I think birth is one of life’s most amazing events, because a woman is able to labor and bring a new life into the world. The birthing experience has a relationship to child development because there are physical, mental, social, and developmental, implications for everyone involved. If complications arise, for example, the family must now deal with the possibility of, having to have short and/or long term rehabilitation (physical) for the child and later on in life, the child and family either positively or negatively learning how to deal lives with his/her disability (psychosocial).
Choose a region of the world or a country, other than the U.S., and find out how births happen there. Write about what you learned, and the differences and similarities with your experience (in the personal example you provided).

In recent years, with the advancements in science in many parts of the world, one will find that birthing practices are becoming similar to western forms of childbirth. But for families in the United States, citizens and immigrants, as well as other countries that choose to continue traditions and in rural parts of these countries, traditional birth practices remain an integral part of their culture.
In Japan for instance, food is an important part of the birthing process. According to an article from Hawaii Community College, “foods rich in proteins and carbohydrates such as mochi and eggs are sometimes offered and encouraged at the onset of labor to ensure adequate energy throughout the laboring process”. It is important to remain silent in the face of pain as this is seen as the proper way to for the women deal with the pain. The father, or any other male except a male doctor, is not traditionally present during the birthing process. Women traditionally are in the room with and support the laboring mother.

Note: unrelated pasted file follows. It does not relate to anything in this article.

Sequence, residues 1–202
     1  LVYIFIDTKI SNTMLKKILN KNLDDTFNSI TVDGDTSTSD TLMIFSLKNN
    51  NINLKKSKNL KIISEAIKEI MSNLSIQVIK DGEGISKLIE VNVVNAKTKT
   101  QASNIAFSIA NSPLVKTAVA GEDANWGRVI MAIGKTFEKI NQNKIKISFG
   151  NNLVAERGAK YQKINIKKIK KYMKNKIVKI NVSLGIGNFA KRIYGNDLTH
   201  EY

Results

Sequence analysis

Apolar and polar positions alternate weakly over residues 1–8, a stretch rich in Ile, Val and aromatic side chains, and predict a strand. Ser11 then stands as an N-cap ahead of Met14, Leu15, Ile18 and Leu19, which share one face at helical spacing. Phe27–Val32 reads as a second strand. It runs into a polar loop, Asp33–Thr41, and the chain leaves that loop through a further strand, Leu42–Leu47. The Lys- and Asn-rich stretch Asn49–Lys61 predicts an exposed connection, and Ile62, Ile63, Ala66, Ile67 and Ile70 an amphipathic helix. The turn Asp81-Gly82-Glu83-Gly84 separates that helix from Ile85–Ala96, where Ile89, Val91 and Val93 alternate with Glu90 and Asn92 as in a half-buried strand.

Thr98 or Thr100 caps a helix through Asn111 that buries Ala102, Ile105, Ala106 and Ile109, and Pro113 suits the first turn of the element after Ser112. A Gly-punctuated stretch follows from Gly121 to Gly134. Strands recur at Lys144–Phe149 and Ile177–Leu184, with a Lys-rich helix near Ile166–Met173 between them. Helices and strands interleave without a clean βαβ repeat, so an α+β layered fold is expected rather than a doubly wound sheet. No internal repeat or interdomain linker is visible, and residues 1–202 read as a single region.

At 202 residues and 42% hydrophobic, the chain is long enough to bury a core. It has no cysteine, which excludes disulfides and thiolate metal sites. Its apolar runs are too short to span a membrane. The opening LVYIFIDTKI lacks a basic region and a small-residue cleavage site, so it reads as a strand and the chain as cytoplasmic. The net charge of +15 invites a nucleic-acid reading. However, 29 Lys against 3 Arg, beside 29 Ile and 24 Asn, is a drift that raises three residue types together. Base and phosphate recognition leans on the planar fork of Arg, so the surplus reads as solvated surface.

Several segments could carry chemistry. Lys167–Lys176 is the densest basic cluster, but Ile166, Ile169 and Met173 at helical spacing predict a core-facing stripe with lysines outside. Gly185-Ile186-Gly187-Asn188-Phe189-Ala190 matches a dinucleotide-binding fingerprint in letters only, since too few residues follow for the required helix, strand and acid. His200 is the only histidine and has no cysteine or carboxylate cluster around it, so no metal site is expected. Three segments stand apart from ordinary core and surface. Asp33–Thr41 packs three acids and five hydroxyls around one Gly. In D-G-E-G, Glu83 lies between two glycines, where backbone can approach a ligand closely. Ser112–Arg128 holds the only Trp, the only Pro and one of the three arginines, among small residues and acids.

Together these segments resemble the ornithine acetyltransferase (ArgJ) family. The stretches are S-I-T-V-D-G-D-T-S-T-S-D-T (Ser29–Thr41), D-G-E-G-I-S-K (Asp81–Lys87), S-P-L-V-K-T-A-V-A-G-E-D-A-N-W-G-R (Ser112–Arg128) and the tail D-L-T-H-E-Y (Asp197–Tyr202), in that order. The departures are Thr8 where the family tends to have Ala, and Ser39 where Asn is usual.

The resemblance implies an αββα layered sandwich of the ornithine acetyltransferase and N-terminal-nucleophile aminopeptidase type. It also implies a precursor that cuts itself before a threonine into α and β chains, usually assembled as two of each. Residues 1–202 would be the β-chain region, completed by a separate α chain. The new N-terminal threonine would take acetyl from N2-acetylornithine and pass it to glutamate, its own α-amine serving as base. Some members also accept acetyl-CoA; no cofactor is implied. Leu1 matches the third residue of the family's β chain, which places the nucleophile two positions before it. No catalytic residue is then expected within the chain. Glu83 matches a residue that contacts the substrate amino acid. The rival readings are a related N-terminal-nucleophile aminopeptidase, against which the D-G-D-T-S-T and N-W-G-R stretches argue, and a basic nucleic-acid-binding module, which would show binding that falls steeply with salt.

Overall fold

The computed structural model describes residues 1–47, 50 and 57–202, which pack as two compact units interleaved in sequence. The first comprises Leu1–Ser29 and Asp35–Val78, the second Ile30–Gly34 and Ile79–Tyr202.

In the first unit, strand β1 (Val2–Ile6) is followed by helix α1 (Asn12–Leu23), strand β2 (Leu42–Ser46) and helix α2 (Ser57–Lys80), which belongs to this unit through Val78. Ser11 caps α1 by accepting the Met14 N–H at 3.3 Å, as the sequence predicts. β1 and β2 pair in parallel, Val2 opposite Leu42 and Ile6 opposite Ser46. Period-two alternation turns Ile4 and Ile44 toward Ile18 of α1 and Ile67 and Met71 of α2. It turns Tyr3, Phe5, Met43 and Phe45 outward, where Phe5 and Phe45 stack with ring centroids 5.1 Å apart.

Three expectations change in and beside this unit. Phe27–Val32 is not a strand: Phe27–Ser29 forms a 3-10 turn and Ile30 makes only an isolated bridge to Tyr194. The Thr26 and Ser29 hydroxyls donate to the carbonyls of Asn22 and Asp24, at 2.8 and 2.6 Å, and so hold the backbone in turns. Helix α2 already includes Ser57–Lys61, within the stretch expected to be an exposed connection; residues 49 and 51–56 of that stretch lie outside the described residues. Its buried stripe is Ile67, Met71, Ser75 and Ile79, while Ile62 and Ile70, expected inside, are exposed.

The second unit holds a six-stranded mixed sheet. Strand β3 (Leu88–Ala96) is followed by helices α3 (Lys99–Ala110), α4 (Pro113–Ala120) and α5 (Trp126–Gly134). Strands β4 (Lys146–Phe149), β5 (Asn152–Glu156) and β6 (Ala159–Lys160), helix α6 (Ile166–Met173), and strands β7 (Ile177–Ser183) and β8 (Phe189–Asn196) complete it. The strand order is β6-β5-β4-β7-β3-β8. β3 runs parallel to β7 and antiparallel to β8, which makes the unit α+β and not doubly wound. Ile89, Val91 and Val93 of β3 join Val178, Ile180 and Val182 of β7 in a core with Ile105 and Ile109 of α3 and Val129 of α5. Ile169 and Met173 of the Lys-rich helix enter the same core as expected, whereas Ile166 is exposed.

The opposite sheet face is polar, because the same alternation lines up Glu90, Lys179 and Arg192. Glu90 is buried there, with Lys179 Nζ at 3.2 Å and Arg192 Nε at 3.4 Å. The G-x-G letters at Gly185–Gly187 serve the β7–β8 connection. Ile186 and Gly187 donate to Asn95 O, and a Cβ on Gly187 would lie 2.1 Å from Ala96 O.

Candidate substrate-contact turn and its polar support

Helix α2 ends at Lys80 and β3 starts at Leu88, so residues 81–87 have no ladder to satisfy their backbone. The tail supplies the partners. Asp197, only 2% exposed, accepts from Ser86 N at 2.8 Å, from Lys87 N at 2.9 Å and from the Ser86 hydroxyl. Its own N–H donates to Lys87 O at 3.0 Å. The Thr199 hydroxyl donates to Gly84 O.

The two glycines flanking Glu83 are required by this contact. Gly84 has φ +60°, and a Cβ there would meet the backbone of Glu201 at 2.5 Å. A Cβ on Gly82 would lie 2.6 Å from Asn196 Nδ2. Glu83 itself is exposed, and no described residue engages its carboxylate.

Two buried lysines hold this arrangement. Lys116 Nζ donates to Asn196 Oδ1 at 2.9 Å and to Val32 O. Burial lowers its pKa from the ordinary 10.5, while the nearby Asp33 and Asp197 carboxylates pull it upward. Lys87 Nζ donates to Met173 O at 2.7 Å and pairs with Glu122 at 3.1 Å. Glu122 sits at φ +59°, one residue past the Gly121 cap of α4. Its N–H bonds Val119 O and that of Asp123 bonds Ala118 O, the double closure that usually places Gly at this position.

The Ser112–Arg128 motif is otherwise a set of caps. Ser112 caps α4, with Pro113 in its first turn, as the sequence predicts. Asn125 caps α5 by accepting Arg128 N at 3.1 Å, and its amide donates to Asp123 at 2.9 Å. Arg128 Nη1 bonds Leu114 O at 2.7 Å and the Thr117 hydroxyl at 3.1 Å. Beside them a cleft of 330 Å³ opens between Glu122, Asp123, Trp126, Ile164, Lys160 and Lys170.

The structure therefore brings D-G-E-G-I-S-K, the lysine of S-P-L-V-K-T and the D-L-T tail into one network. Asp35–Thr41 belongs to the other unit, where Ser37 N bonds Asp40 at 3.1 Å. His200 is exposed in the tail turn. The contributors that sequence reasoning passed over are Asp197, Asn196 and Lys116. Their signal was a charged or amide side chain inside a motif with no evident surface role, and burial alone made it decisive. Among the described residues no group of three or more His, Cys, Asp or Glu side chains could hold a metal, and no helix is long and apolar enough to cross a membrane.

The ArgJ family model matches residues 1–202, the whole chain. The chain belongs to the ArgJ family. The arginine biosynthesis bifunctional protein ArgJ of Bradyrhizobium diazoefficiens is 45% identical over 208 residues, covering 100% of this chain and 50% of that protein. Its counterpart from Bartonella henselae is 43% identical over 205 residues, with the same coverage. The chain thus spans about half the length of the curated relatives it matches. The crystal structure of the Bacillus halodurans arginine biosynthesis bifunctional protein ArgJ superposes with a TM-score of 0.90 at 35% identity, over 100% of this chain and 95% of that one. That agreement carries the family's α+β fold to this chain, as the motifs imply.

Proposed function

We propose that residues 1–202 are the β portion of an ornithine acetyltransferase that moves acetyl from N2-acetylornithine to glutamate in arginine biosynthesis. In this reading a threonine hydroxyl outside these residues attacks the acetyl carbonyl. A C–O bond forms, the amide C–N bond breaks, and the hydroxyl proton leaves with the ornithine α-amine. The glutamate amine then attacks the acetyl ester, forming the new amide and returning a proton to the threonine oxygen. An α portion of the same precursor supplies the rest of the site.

The similarities in the experiences of both women were that women were present to assist with the labor and both were progressing quietly through their labor.
There were two major differences in the delivery I witnessed and the experience I researched. In the case of the Japanese mother, she was expected to be stoic or “deal with the pain appropriately” according to tradition, while the mother I observed was silent because it was hers and her midwife’s belief that to yell out in pain caused the labor to require more energy than necessary. The other difference was that in the Japanese labor, the husband was not present, where in the labor I witnessed, the husband was present.

What additional insights, if any, about the impact of the birthing experience on development, did you gain from this comparison?

Final insights that I observed was that one can observe gender roles in the birthing practices of any given culture. Where one culture may see it is solely the responsibility of the women to handle the birth or where fathers can be active participants, often gives insight to the parts that each person plays in the household. It is also another example of just how similar we are as a human family and why prejudice has not place in our world.